Cryptocurrency could well be the future of transfers in football | OneFootball

Cryptocurrency could well be the future of transfers in football | OneFootball

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OneFootball·19 February 2021

Cryptocurrency could well be the future of transfers in football

Article image:Cryptocurrency could well be the future of transfers in football

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It might sound surreal but unless you’ve been living under a rock the last few months, cryptocurrency has arrived in the mainstream, but are we looking at a future where football adopts the digital wallet?

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The possibilities are becoming an ever increasing reality. Transfers have begun to be facilitated by cryptocurrency, as have club sponsorship deals and supporter based incentives, just to name a few.

But will clubs begin to conduct one of their biggest outlays, transfers, without any physical cash? Maybe, and here’s why.

Just seven years ago cryptocurrency was an exceptionally niche way of paying for goods and services off the internet. If you had sent cash by blockchain the odds were you were one of only six million users to do so, fast forward to February 2021 and over 67 million people now use digital wallets across the globe.

With the world a constantly evolving and changing place, cryptocurrency is coming out of the shadows and into everyday life.

Fancy a flight abroad (remember those?), or a burger and chips, maybe even a new car? Well, you can now buy all of these with cryptocurrency; Bitcoin to be precise, and it’s just one of the main electronic currencies transferring its way into this new normal we all now live in.

If you’re unsure if football is forward thinking enough to take a step into the unknown, then you could be in for a surprise, two transfers have already been completed with cryptocurrency. Albeit outside of the traditional top leagues, but from acorns grow oak trees as the saying goes.

There is a good reason why football clubs are starting to cast their eyes towards electronic wallets, as they come with a couple of incentives close to every chairman or chairwoman’s heart, almost instant payment and no loss of revenue due to currency conversion.

Cryptocurrency is 100% digital, in its purest terms it is a computer file stored in a digital wallet, accessed via a smartphone, tablet or computer.

Transactions are completed as whole parts or as tiny percentages, it is fully traceable via the blockchain, a list where every transaction is recorded, and you can’t spend more than you own – you can already hear the ears of Uefa’s Financial Fair Play reps twitch with excitement.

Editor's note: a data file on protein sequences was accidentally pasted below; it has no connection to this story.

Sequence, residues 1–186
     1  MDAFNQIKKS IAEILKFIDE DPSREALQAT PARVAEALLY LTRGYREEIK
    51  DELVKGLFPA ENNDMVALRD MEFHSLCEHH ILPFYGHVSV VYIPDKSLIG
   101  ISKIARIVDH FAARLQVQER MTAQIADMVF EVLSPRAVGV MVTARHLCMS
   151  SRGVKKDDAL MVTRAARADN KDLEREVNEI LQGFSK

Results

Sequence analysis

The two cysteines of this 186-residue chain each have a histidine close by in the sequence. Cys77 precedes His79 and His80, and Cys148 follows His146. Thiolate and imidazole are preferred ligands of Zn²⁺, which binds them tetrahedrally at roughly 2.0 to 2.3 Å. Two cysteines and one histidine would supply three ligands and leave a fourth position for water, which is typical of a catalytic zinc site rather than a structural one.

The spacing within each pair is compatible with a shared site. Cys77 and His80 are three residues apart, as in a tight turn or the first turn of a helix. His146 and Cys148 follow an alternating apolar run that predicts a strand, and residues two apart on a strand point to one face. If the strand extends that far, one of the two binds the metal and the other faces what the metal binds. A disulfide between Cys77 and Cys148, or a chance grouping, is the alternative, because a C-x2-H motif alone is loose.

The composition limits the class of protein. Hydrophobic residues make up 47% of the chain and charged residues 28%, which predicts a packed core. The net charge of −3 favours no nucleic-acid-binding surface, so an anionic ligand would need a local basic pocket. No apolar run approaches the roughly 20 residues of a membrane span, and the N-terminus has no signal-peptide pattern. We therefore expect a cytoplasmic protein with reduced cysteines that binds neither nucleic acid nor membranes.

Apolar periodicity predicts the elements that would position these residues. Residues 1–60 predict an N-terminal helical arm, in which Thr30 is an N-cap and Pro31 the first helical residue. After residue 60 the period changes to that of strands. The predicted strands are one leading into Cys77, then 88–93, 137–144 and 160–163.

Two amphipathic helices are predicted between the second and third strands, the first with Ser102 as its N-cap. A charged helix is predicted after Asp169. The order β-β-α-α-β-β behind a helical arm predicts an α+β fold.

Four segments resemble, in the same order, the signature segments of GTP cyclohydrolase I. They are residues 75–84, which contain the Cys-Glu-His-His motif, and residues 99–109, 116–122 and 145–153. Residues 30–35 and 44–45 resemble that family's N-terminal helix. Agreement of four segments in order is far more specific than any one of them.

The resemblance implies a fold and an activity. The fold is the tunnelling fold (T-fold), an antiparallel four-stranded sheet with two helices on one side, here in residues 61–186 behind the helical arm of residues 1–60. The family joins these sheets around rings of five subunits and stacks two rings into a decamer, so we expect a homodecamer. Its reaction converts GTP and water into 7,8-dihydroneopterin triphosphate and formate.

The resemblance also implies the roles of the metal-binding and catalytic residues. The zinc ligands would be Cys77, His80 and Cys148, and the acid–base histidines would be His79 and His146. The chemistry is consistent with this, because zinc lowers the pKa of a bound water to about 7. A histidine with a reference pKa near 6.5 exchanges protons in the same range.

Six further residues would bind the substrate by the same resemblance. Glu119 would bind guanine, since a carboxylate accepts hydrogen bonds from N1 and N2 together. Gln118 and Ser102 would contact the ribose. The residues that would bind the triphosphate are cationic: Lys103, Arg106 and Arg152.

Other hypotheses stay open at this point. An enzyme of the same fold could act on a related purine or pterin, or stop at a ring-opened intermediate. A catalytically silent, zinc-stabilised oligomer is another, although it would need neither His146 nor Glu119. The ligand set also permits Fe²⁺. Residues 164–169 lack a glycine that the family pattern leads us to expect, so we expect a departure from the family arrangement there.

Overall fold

Transfer times of cryptocurrencies can take as little as 10 minutes from wallet to wallet. Before the ink is dry on the paperwork, the selling club could have its funds ready for reinvestment or parking, depending on the chairman.

But has there been any real history of cryptocurrency being used in the transfers of players? Yes, back at the start of 2018, Turkish amateur side Harunustaspor completed a transfer for 22-year-old Omer Faruk Kiroglu using Bitcoin as part payment.

The figures were small time for the footballing arena but the part cash-part crypto payment made the game take note of a global business trend, it might have only been £377 out of a deal worth just under £850, but the tone had been set: cryptocurrency had arrived in football and the appetite to push the boundaries had begun.

Fast forward three years and another transfer has just been completed via cryptocurrency.

This time it is Spanish Segunda División B side, DUX Internacional de Madrid snapped up former Real Madrid B striker, David Barral, in the recently closed January transfer window.

Neither the club or player made the details public, so the final fee and exact cryptocurrency used is shrouded in secrecy. The Segunda divisions may be amateur in name but for all intents and purposes they are professional in nature, the next step on the ladder has been taken.

“This is all well and good, but it’s not the Premier League is it?” –  it’s a fair question, and one that has probably just popped into your mind but maybe it isn’t too far away.

Watford were the first team to embrace Bitcoin, the ex-Premier League side have its striking emblem on their sleeve, as a main sponsor and corporate partner. The collaboration allows fans to buy official club merchandise and products using the cryptocurrency.

Scott Duxbury, Watford’s chairman and chief executive explained why the club took such a  forward thinking step at the start of the 2019/20 season.

“Placing the Bitcoin logo on a Premier League shirt is something that challenges the accepted norm,” Duxbury said.

We’re excited about the partnerships and the potential for new global conversations that it could help start for our club.

February 2021 saw Southampton and cryptocurrency betting website announce a matchday rights partnership, allowing Saints’ fans to be immersed in matchday experiences during the coronavirus lockdown via virtual reality headsets.

Crystal Palace, Everton and Leicester City have ties to cryptocurrency trading platforms, as do German Bundesliga sides Union Berlin and Wolfsburg, the notice taken by clubs in the biggest leagues is starting to ramp up.

If you thought that crypto was the domain of internet geeks then 2021 could be a bit of an eye opener for you.

While the transfer of top players might be just over the horizon, the seriousness in which football has begun to take digital currency means it’s inevitable, like the Germans and penalty shootout victories.

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